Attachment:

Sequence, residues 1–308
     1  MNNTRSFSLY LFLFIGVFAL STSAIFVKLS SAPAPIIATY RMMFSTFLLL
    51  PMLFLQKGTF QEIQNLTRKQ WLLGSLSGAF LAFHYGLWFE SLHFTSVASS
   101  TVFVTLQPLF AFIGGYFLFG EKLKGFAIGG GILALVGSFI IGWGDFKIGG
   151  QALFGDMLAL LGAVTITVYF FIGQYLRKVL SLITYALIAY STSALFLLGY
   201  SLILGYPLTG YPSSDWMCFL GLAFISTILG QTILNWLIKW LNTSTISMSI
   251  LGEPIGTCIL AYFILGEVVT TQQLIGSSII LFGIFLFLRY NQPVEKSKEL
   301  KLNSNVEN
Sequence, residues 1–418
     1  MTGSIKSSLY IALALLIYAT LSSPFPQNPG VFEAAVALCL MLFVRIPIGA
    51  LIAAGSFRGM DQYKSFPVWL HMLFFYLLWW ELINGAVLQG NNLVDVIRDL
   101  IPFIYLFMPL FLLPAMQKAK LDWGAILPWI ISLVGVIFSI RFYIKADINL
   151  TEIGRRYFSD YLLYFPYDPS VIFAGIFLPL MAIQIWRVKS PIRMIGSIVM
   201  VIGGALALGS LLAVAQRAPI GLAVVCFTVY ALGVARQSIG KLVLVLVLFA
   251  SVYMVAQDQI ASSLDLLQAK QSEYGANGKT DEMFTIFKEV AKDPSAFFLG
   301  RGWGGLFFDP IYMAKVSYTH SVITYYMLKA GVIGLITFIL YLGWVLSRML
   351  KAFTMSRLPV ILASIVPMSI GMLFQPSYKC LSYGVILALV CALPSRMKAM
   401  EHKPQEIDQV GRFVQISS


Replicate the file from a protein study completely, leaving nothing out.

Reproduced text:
Sequence, residues 1–308
     1  MNNTRSFSLY LFLFIGVFAL STSAIFVKLS SAPAPIIATY RMMFSTFLLL
    51  PMLFLQKGTF QEIQNLTRKQ WLLGSLSGAF LAFHYGLWFE SLHFTSVASS
   101  TVFVTLQPLF AFIGGYFLFG EKLKGFAIGG GILALVGSFI IGWGDFKIGG
   151  QALFGDMLAL LGAVTITVYF FIGQYLRKVL SLITYALIAY STSALFLLGY
   201  SLILGYPLTG YPSSDWMCFL GLAFISTILG QTILNWLIKW LNTSTISMSI
   251  LGEPIGTCIL AYFILGEVVT TQQLIGSSII LFGIFLFLRY NQPVEKSKEL
   301  KLNSNVEN
Sequence, residues 1–418
     1  MTGSIKSSLY IALALLIYAT LSSPFPQNPG VFEAAVALCL MLFVRIPIGA
    51  LIAAGSFRGM DQYKSFPVWL HMLFFYLLWW ELINGAVLQG NNLVDVIRDL
   101  IPFIYLFMPL FLLPAMQKAK LDWGAILPWI ISLVGVIFSI RFYIKADINL
   151  TEIGRRYFSD YLLYFPYDPS VIFAGIFLPL MAIQIWRVKS PIRMIGSIVM
   201  VIGGALALGS LLAVAQRAPI GLAVVCFTVY ALGVARQSIG KLVLVLVLFA
   251  SVYMVAQDQI ASSLDLLQAK QSEYGANGKT DEMFTIFKEV AKDPSAFFLG
   301  RGWGGLFFDP IYMAKVSYTH SVITYYMLKA GVIGLITFIL YLGWVLSRML
   351  KAFTMSRLPV ILASIVPMSI GMLFQPSYKC LSYGVILALV CALPSRMKAM
   401  EHKPQEIDQV GRFVQISS